What Does A Public Health Nurse Do?
Most nurses care for their patients’, one at a time. However, that isn’t the case for Public Health Nurses. Instead, the role of a Georgia Public Health Nurse is to reach out to the entire community, identifying health trends affecting the community and equipping local residents with relevant education, health and safety resources and improved access to health care.
These community servants work as health care advocates for large groups of people whose goal is to provide a variety of health-related services for the greater good of that population.
What Education, Professional Experience do you need to become a Public Health Nurse?
Becoming a Georgia Public Health Nurse requires an individual to study to become a Registered Nurse (RN). This usually requires a four-year college degree along with passing a standardized examination called the NCLEX-RN.
In addition to these educational preparations, those interested in this field would also do well by getting some training in public health or public policy, as well as doing some volunteer work in community settings such as home health advocacy groups, home care service providers, hospice or community health clinics. Nurses fluent in both English and Spanish are in demand, in this field.
Georgia: Challenges a Public Health Nurse May Face
The United States has about 1200 community health centers; these centers mainly serve low-income individuals and families as well as those who have little to no access to health insurance.
Recently, the Federal Government began making its assessment of these community health centers to determine the overall quality of care available to the individuals served within these facilities. Following is the most recent data regarding the performance and impact of these centers in the state of Georgia.
Georgia: Community Health Center Basics
•Number of federally-supported health centers: 27
•Total Patients: 312,039
•Seasonal Farm worker Patients: 16,734
•Homeless Patients: 13,660
Georgia: Community Health Center Clientele Data
•Health Center – Percent at or Below 100% of Poverty: 70%
•Health Center – Percent at or Below 200% of Poverty: 93%
•Health Center – Percent Uninsured: 50%
•Georgia – Percent at or Below 100% of Poverty: 24%
•Georgia – Percent at or Below 200% of Poverty: 44%
•Georgia – Percent Uninsured: 20%
•US – Percent at or Below 100% of Poverty: 21%
•US – Percent Uninsured: 16%
In Georgia, the number of patients at Health Care Centers receiving consistent treatments to control diabetes is about two-thirds of the population; patients receiving consistent care for asthma therapy are hovering at about three-fourths of the population.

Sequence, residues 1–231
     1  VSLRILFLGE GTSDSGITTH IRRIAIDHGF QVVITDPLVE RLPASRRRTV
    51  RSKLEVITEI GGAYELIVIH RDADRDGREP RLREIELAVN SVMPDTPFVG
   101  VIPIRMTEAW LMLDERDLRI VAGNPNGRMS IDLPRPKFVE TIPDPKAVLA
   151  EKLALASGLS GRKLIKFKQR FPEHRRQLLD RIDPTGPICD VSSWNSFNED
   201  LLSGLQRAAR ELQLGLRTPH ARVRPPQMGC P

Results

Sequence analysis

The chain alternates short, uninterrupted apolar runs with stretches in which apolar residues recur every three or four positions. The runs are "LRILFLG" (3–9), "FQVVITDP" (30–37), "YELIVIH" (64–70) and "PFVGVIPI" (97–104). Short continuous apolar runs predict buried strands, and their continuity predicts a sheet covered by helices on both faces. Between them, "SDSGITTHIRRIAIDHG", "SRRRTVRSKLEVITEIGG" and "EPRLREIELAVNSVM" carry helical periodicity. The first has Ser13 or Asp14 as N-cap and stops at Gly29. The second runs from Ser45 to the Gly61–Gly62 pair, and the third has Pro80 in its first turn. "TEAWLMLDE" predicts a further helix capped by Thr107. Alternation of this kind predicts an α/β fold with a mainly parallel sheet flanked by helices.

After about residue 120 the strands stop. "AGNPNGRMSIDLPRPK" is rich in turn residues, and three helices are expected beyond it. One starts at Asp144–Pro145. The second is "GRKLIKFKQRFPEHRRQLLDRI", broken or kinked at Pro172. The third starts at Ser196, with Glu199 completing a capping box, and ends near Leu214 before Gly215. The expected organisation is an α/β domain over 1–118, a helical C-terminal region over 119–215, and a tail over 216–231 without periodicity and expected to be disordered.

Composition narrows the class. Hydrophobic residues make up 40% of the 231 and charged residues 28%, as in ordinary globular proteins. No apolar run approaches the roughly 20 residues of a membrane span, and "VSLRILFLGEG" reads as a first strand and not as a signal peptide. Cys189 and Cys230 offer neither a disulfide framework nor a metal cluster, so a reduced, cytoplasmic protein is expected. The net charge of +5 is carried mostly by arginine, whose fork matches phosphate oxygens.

The state also has great numbers involving low birth weights. On the flip side, though, there are far fewer patients within the Georgia community health care centers who are controlling their hypertension and getting timely childhood immunizations.
Georgia: What Public Health Nurses can expect at Community Health Centers
•Diabetes Control: (GA) – 67.73%, (US) 70.9%
•Timely Prenatal Care: (GA) – 60.54%, (US) 63.3%
•Hypertension Control: (GA) – 57.02, (US) 59.6%
•Low Birth Weight: (GA) – 10.80%, (US) 7.4%
•Childhood Immunization: (GA) – 41.45%, (US) 43.8%
•Cervical Cancer Screening: (GA) – 44.58%, (US) 57.8%
•Asthma Therapy: (GA) – 76.71%, (US) 69.1%
What the Numbers Mean
•Diabetes Control: The percentage of adults, age 18 to 75, with diabetes who have their blood sugar under control, defined as an HbA1c under 9 percent.
•Timely Prenatal Care: The percentage of pregnant women receiving prenatal care in the first trimester.
•Hypertension Control: The percentage of adults, age 18 to 85, with hypertension who have their blood pressure under control, defined as under 140/90.
•Low Birth Weight: The percentage of babies born with birth weight below 2,500 grams.
•Childhood Immunization: The percentage of children who receive 10 federally recommended vaccines by 2 years of age.
•Cervical Cancer Screening: The percentage of women, age 24 to 64, with at least one Pap test in the prior three years.
•Asthma Therapy: The percentage of patients age 5 to 40 who have persistent asthma who receive asthma drugs.
The median income for a Georgia Public Health Nurse is about $51,000 per year (varying, of course, by employer). According to the U.S. Bureau of Labor Statistics, this career field (Public Health Nursing) is expected to grow by 26 percent by the year 2020.
Considering that there are more than 2 million individuals working as Registered Nurses now, that percentage translates to more than 700,000 jobs by 2020.